「Beyond the Organismic Metaphor, or Philosophy after Cybernetics」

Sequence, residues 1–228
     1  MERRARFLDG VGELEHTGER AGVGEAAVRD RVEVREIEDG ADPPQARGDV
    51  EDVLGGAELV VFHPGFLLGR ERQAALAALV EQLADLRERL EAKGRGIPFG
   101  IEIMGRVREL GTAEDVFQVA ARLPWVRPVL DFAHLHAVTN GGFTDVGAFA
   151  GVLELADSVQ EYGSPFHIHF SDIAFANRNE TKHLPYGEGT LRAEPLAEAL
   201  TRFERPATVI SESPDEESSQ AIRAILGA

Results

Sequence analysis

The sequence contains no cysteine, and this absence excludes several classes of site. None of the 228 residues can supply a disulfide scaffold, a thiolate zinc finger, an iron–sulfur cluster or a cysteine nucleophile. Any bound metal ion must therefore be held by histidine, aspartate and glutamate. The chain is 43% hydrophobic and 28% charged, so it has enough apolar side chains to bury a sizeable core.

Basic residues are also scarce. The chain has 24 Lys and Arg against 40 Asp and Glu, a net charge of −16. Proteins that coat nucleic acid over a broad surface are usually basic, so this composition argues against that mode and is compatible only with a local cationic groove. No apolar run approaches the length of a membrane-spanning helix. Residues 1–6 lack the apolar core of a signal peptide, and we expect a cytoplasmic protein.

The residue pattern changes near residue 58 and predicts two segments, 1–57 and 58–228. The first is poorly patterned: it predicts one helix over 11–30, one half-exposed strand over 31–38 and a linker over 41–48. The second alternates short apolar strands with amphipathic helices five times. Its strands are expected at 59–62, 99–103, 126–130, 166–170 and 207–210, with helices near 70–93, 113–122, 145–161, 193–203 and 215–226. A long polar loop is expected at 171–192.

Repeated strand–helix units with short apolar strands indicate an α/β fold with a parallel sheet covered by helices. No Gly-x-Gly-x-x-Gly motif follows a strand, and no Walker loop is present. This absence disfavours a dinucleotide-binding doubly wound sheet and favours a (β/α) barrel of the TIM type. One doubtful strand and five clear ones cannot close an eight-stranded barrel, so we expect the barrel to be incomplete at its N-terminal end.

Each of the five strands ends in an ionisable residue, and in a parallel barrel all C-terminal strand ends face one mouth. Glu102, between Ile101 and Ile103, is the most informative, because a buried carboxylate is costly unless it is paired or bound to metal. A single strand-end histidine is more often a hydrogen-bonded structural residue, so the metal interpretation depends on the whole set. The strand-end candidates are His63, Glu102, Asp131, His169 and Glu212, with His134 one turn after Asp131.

In Recursivity and Contingency [2019, Japanese translation 2022], I tried to show how the opposition between mechanism and organism and the overcoming of the former by the latter characterize the modern Western thought from Kant (or from Leibniz according to other analysis, for example Joseph Needham) to Norbert Wiener, and therefore it constitutes what I termed an organic condition of philosophizing. Symbiosis, a term introduced in the late 1870s, belongs to such organismic thinking, according to which, two or more unlike named organisms form reciprocity and a community between themselves, which also underlies one important aspect of evolution. These two terms reciprocity and community are also employed by Kant to describe the operation and structure of an organism (§64, Critique of Judgment) and later by Hannah Arendt to formulate a Kantian political philosophy (Lectures on Kant’s Political Philosophy). The development of the organismic thinking in biology and its realization in cybernetics and systems theory in the 20th century seem to have concluded this condition of philosophizing. The term symbiosis was also employed beyond the domain of biology towards a bio-technological (and planetary) complex, for example, Joseph Licklider (1960) proposes an intimate man-computer symbiosis; James Lovelock and Lynn Margulis puts symbiosis at the core of their Gaia theory. I will attempt to show in this talk, how this organismic thinking which characterizes the paradigm of modern Western philosophy might have come to close, in what Martin Heidegger calls the end of Western philosophy or metaphysics, the completion marked by cybernetics. Therefore, the task might be to go beyond the biological metaphor of symbiosis, and inquire into a new agenda of co-existence, which I suggest as a new condition of philosophy.